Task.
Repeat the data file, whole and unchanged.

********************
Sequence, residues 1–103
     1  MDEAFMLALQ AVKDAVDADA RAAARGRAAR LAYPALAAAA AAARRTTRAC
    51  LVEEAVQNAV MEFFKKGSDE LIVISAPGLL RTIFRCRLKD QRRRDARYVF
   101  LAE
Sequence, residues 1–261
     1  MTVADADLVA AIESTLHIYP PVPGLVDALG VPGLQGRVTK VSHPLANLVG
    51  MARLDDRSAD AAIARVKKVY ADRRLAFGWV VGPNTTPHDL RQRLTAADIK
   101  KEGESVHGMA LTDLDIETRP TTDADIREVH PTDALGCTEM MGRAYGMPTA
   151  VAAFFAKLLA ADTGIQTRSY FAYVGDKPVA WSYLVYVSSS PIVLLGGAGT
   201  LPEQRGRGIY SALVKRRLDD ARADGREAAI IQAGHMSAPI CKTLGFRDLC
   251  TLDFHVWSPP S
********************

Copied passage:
Sequence, residues 1–103
     1  MDEAFMLALQ AVKDAVDADA RAAARGRAAR LAYPALAAAA AAARRTTRAC
    51  LVEEAVQNAV MEFFKKGSDE LIVISAPGLL RTIFRCRLKD QRRRDARYVF
   101  LAE
Sequence, residues 1–261
     1  MTVADADLVA AIESTLHIYP PVPGLVDALG VPGLQGRVTK VSHPLANLVG
    51  MARLDDRSAD AAIARVKKVY ADRRLAFGWV VGPNTTPHDL RQRLTAADIK
   101  KEGESVHGMA LTDLDIETRP TTDADIREVH PTDALGCTEM MGRAYGMPTA
   151  VAAFFAKLLA ADTGIQTRSY FAYVGDKPVA WSYLVYVSSS PIVLLGGAGT
   201  LPEQRGRGIY SALVKRRLDD ARADGREAAI IQAGHMSAPI CKTLGFRDLC
   251  TLDFHVWSPP S